Kamakura, the ancient capital of Japan - This house was built in a lush green area close to Meigetsuin Temple.
The greenery of Kamakura is atmospheric. Most of the historical and cultural heritage is integrated with the natural environment of the hills behind, forming a unique climate.

This building has an existing main house. The years of living in this area have given the building a refined and beautiful appearance. We carefully planned the new building to preserve this appearance and to reflect the wishes of the family who will actually live in the house.

If one is conscious of the surrounding landscape and the culture of the region, one will naturally arrive at a building of solid quality and soundness. It is essential that the building be able to satisfy the modern way of living in terms of ventilation, lighting, and safety - in other words, it is essential to secure functions that also bring convenience. Based on this, our overall goal was to create a building that is "appropriate and suitable" (i.e., not too much or too little). In other words, to avoid over-design, we took into consideration the dimensions, determined the "suitability" of the materials, and focused on the "appropriateness" of the parts and quantities used.

The low-profile exterior with deep eaves emphasizes stability in both appearance and quality. In addition, the overall color scheme, both inside and outside, takes into consideration the changes that age will bring. Historical buildings in Kamakura have almost no modern primary colors, and the client's main building also shows this characteristic. Therefore, although each building is a stand-alone structure, in this case, harmony with the surrounding and nearby landscape was especially important. The colors of the natural materials will change their appearance over time, giving the buildings a calm and serene appearance. The layout of the building follows the shape of the site and maximizes the distance between the interior spaces.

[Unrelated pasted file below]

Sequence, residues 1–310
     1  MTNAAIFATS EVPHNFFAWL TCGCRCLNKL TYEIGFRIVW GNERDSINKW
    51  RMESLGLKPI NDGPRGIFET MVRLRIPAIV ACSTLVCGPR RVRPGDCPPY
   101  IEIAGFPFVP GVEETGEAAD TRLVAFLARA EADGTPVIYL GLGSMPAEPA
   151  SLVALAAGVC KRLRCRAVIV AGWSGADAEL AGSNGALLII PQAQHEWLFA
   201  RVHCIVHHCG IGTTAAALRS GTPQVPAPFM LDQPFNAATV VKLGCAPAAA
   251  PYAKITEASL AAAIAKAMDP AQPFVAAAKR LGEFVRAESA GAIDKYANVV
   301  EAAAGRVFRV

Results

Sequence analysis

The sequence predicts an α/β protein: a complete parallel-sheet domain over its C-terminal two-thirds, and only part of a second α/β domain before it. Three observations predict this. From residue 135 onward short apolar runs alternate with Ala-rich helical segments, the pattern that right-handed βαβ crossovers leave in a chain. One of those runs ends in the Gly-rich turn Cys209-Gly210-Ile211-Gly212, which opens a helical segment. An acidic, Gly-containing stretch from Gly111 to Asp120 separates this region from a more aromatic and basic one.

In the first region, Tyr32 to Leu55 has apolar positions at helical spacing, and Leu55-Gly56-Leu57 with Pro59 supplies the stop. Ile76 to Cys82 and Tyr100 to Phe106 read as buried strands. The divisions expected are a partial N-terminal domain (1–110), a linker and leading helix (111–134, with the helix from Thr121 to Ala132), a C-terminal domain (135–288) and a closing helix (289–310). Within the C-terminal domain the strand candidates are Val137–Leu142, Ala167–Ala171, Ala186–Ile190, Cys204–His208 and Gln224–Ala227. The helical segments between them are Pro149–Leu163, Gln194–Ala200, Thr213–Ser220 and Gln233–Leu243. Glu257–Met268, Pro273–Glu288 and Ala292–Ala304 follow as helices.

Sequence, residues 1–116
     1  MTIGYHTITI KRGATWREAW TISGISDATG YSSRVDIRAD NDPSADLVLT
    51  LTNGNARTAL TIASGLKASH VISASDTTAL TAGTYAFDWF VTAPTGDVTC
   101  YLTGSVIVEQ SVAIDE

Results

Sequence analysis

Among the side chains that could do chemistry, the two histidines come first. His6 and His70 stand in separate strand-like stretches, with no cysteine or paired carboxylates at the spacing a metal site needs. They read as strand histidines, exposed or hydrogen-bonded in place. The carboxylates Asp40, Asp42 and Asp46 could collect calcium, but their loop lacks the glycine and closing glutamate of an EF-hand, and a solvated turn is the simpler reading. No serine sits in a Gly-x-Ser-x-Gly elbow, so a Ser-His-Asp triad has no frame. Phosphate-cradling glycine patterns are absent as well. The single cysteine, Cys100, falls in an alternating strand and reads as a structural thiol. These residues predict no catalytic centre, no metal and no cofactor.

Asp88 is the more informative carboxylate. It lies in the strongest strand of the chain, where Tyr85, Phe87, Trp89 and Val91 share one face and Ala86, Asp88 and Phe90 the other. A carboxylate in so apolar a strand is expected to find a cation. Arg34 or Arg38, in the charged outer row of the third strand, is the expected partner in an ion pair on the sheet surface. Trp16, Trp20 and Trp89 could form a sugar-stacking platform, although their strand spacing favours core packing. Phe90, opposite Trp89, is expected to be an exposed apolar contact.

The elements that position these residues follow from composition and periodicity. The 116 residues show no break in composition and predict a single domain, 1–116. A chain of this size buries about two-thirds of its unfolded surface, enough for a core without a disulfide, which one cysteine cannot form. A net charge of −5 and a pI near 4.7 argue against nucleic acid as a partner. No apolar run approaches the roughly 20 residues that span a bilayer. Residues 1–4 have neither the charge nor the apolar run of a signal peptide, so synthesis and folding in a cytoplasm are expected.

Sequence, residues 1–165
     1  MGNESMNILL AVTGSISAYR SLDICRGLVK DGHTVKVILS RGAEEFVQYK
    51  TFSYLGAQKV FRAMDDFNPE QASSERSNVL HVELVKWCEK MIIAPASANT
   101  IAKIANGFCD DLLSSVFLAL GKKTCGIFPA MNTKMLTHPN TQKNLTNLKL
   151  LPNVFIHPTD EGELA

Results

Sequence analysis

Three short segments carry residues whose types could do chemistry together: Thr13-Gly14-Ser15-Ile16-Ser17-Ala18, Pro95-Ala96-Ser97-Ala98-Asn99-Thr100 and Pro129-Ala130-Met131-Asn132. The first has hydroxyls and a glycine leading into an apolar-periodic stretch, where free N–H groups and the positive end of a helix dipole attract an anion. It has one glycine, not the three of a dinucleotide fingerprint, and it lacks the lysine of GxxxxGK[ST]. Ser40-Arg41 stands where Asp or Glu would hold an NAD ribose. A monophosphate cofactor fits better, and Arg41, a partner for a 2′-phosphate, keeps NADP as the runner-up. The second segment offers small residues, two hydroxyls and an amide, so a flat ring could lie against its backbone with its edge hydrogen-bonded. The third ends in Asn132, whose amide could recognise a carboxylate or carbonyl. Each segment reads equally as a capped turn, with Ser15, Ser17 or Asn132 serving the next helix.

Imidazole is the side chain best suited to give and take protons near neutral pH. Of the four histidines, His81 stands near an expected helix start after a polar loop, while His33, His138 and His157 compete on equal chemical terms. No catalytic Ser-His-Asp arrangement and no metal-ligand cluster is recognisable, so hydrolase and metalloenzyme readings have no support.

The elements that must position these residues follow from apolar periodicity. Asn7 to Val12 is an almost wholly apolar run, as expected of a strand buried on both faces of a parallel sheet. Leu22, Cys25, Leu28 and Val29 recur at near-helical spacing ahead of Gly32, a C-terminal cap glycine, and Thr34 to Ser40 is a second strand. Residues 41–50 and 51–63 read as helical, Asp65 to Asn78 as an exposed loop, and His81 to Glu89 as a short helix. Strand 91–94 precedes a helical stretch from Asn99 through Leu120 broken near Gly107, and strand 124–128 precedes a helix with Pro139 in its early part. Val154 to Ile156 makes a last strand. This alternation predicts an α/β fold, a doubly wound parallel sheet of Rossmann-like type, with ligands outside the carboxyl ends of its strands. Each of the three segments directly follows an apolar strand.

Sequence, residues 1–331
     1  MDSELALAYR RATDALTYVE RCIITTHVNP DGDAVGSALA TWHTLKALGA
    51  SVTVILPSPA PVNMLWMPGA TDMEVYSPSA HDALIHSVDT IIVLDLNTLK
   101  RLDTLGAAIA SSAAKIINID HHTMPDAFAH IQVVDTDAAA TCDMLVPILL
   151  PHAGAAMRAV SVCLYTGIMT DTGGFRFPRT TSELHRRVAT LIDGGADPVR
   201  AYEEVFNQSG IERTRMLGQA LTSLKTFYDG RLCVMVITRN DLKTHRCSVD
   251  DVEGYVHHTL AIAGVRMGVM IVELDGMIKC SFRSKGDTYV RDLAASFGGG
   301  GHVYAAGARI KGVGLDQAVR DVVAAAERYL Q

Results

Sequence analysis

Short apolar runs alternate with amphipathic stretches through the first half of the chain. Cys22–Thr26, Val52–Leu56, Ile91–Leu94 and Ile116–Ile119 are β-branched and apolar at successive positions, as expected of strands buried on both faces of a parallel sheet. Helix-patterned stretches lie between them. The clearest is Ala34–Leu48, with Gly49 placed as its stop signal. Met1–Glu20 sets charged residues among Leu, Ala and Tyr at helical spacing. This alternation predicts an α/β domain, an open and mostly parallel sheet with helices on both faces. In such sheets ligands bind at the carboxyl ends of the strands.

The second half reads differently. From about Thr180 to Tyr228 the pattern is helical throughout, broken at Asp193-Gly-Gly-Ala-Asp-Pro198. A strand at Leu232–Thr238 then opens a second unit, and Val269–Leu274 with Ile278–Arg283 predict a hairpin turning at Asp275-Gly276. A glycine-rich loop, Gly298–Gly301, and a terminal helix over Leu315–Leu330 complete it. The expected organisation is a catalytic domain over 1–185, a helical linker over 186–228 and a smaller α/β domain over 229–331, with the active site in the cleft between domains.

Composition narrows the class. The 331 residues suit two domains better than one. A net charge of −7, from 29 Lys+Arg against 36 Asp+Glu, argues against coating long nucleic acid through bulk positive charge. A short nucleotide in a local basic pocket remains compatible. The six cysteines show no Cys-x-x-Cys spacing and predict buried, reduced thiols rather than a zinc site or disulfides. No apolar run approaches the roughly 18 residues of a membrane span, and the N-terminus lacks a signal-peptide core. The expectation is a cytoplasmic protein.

Chestnut hatchet finish is used throughout the interior, and diatom earth and Oya stone are used as accents on the walls. The yuzu skin of the diatomaceous earth blends well with the hatchet-finished wood, and goes well with the touch of the Oya stone. The shadows created by the fine unevenness of the stone change their expression depending on the light conditions, creating a sense of depth. These materials, which are excellent in humidity control and fire resistance, also play a role in regulating the indoor environment.
The opening to the garden is fully open, with the windows tucked into the small openings of the walls so that the greenery can be fully appreciated.

Taking advantage of the site's bounty, the house is located in Kamakura, a city with a rich history. It is a fusion of calculated and beautiful simplicity and modern functionality. In other words, the "assertion without excess or deficiency" expressed in this residence is based on the concept of "Japanese spirit with Western sensibilities.


  • Completion 2016.06
  • Building site Kamakura City, Kanagawa Prefecture
  • Principal use private residence
  • Structure Single-storied wooden house
  • Floor area 183.41㎡
  • Photo Nacasa & Partners